That, by the way, is a good thing. It makes this such an easy read.
Of course, some of his little asides I agree with. "It's one of the sadnesses of modern life that no one sings like that any more." Here he bemoans the way people don't sing on the job any longer but rely on recorded music exclusively. There's something about singing together as a group that brings people together. I found that out in a few odd places, that singing together is a great equaliser and brings people together who otherwise might not have done so, but that is by the by – I agree with him, that's all.
Sorry, back to the book. Within 50 pages, we've got through all the preliminaries of growing up, being kicked out of school and working and suddenly we're with the Detours, featuring three-quarters of what would become The Who. I have to say, I like that. Yes, books like Clapton's autobiography, focus a lot on the troubled childhood, but I'm glad Daltrey isn't doing the "woe is me, my life was crap" thing. Already I like this.
100 pages in and he's been kicked out of The Who. There is no let up in the narrative. Bang, bang, bang – this is it what happened. Now, normally, I find books like this a little superficial and off-putting (I could name 3 rock autobiographies that do this) but the way he is so honest and self-deprecating without glossing over anything makes it so readable. And this is clearly a warts and all story of The Who. No sugar-coating here.
We go through meeting the woman who was to become his second wife – a woman he was still married to at time of writing (and so, as of my writing, is still married to!) – the first proper tour of the USA, the first hints of financial and management issues, and we first see Keith Moon be the loon. This section felt way too rushed. I discovered why they felt the need to avoid Australia for so long but the genesis of what became Tommy also felt too rushed. Maybe I want more of the musician minutiae.
He certainly paints Woodstock in a different light to many, and now we see the drugs in management and Keith being a lunatic. And then he marries Heather and buys the house he still lives in today. In 1971! And he even told her he might well be occasionally unfaithful… and she still married him. He clearly found an awesome woman there.
Then we go through Who's Next, stemming from Lifehouse (which, when it did see the light of day many years later, I spent a huge amount of money buying a copy – 6 CDs… maybe 8 – from the UK and importing it to Australia; and despite what my then-wife thought, it was worth it; it is superb and brilliant and I'm glad it didn't work in 1971 because then we would never have had Who's Next… and I'm waffling). And then comes Daltrey, the solo album, and new managers. He paints Lambert and Stamp as very unpleasant, incompetent managers. Daltrey says they weren't bad managers, but, well… that's not how it reads.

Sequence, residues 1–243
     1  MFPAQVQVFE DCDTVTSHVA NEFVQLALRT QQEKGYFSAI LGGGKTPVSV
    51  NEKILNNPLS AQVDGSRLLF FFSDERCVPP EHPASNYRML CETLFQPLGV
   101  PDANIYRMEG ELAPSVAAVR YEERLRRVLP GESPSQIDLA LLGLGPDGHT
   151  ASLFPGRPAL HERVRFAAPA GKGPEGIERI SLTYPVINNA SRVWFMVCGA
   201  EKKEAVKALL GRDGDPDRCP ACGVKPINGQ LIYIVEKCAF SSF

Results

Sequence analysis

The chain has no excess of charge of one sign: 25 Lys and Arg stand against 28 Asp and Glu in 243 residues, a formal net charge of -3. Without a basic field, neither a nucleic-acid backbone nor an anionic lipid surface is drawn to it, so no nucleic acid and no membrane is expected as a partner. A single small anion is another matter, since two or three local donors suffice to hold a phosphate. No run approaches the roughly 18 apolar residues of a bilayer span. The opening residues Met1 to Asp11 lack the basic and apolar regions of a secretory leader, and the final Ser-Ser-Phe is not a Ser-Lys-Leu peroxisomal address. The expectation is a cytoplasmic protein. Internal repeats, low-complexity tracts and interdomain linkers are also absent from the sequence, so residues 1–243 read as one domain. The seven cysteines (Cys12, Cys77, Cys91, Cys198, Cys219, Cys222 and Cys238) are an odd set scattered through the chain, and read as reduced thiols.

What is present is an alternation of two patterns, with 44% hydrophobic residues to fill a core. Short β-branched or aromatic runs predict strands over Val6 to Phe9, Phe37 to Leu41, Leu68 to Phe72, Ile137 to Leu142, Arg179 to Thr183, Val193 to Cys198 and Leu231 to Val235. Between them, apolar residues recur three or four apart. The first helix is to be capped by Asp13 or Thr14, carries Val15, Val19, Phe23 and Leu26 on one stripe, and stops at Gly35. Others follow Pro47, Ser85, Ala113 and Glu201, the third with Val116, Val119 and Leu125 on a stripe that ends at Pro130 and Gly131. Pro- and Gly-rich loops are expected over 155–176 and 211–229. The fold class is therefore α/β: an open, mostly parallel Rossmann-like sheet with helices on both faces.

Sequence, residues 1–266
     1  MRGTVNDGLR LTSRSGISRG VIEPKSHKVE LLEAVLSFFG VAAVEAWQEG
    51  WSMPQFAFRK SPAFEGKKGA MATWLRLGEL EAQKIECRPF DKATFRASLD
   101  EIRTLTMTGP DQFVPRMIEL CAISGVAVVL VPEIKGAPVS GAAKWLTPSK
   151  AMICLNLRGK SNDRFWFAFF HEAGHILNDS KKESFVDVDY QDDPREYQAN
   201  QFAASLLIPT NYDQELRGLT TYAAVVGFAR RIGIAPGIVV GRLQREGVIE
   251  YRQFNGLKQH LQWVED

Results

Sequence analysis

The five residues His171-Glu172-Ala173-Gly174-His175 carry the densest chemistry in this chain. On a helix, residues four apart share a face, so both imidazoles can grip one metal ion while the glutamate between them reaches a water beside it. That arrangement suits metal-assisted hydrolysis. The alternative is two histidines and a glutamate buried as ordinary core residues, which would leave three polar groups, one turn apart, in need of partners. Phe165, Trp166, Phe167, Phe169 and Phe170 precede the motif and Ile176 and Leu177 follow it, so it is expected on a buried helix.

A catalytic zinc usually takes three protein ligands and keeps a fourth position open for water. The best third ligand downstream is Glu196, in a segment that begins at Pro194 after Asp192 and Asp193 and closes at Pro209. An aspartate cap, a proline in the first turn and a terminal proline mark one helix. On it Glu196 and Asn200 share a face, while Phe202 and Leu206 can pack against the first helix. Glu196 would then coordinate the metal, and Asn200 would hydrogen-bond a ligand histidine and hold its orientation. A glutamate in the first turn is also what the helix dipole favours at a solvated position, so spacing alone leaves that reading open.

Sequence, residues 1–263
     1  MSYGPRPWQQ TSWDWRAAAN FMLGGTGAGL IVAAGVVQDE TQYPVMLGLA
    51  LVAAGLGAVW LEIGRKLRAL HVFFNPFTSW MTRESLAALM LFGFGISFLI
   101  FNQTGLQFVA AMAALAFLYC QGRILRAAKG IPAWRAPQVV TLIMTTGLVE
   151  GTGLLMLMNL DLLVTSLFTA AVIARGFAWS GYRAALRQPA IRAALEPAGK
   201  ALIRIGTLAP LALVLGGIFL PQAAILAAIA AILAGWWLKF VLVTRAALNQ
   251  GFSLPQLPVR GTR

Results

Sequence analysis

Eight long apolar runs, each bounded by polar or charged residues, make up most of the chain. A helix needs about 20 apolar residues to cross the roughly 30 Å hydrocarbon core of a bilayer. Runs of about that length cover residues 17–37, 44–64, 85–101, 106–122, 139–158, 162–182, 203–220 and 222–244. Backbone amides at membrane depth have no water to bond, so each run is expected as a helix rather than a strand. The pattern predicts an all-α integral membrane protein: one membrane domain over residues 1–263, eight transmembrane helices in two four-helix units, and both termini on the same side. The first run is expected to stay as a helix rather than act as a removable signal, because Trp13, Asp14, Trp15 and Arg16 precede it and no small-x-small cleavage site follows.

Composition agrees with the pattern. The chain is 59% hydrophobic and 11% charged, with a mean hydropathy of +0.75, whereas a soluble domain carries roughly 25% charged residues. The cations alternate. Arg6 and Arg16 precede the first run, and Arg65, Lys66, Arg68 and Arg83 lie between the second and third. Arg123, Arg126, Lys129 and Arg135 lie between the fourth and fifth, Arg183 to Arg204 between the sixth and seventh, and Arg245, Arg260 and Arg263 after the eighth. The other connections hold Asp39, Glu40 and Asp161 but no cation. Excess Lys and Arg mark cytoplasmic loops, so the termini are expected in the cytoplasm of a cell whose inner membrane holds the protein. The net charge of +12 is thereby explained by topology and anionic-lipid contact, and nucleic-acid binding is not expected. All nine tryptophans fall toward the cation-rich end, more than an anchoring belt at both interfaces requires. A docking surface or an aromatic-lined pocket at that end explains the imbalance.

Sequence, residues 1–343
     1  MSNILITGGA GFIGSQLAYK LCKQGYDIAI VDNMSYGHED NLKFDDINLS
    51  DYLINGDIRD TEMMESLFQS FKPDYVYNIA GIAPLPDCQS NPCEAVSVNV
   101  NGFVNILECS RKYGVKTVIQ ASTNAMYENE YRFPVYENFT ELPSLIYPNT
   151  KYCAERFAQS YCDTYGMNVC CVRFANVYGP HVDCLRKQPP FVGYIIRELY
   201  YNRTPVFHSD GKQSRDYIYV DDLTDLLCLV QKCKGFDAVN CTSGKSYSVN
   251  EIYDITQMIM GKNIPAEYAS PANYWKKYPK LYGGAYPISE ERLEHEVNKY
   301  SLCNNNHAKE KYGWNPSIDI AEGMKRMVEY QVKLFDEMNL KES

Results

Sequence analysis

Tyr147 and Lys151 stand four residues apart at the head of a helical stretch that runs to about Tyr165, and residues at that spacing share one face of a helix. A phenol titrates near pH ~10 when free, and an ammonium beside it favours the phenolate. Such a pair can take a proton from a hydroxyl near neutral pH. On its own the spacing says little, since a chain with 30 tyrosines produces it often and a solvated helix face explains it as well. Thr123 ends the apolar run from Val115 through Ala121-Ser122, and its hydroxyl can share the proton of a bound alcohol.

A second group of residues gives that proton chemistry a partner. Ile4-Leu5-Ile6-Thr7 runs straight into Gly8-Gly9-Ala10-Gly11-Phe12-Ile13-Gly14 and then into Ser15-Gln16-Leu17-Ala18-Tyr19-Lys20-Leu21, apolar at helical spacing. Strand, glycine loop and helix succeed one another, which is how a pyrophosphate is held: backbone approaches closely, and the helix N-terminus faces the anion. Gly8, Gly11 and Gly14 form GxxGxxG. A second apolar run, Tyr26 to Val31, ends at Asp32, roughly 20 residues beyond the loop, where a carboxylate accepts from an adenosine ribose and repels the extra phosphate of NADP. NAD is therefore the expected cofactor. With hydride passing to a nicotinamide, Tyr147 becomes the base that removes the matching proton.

Then we hit Quadrophenia and the filming of Tommy, then Lisztomania, and a quote I love: "Life isn't a play, it's an opera." The amount of music references in my works and especially my poetry shows where I sit on that scale… And, anyway, what Daltrey did with the Styrofoam penis is hilarious.
And then Keith Moon died. And so did The Who. At least, it went into a coma. It reads rather sad but strangely muted. We then skip through the 80s, which means skipping any mention of my favourite Daltrey solo album (Under A Raging Moon). I understand there was no The Who and that things were dull for him, but – dammit! – I feel cheated.
And then we jump through getting the band back together (TM The Blues Brothers) and then John Entwhistle died and Pete Townshend was arrested and exonerated. And in these cases, I'm glad it wasn't harped on. It didn't feel mawkish, but you can tell in this passage the affection Daltrey has for Townshend. We finally wrap it up with some nice mentions of the under-rated Endless Wire album (I like it, at least), a bout of viral meningitis and then a reflective look back. The End.
I think one of the main things about the book is that the writing style is something I like. Much of my own (fiction) work is written in a similar, laid-back style to this, so I guess it also validates me mentally. But that is a little personal peccadillo. And while we're talking personal, I'd like to point out that The Who were the reason I never took music as seriously in the playing as I might have. I could never be that good, and I was disheartened by them. But I love the music anyway.
Anyway, Clapton's is still the best music autobiography I've ever read. However, this has a different tone. This is a celebration of a life, good and bad, and that is very rare in any autobiography. This is a man at peace with himself and his past and what he has done. This is a man who is – dare I say it – happy. And, really, what a life!
So, there you have it – Roger Daltrey in 2018. I would recommend both of these without hesitation. And The Who is still one of my favourite bands of all time.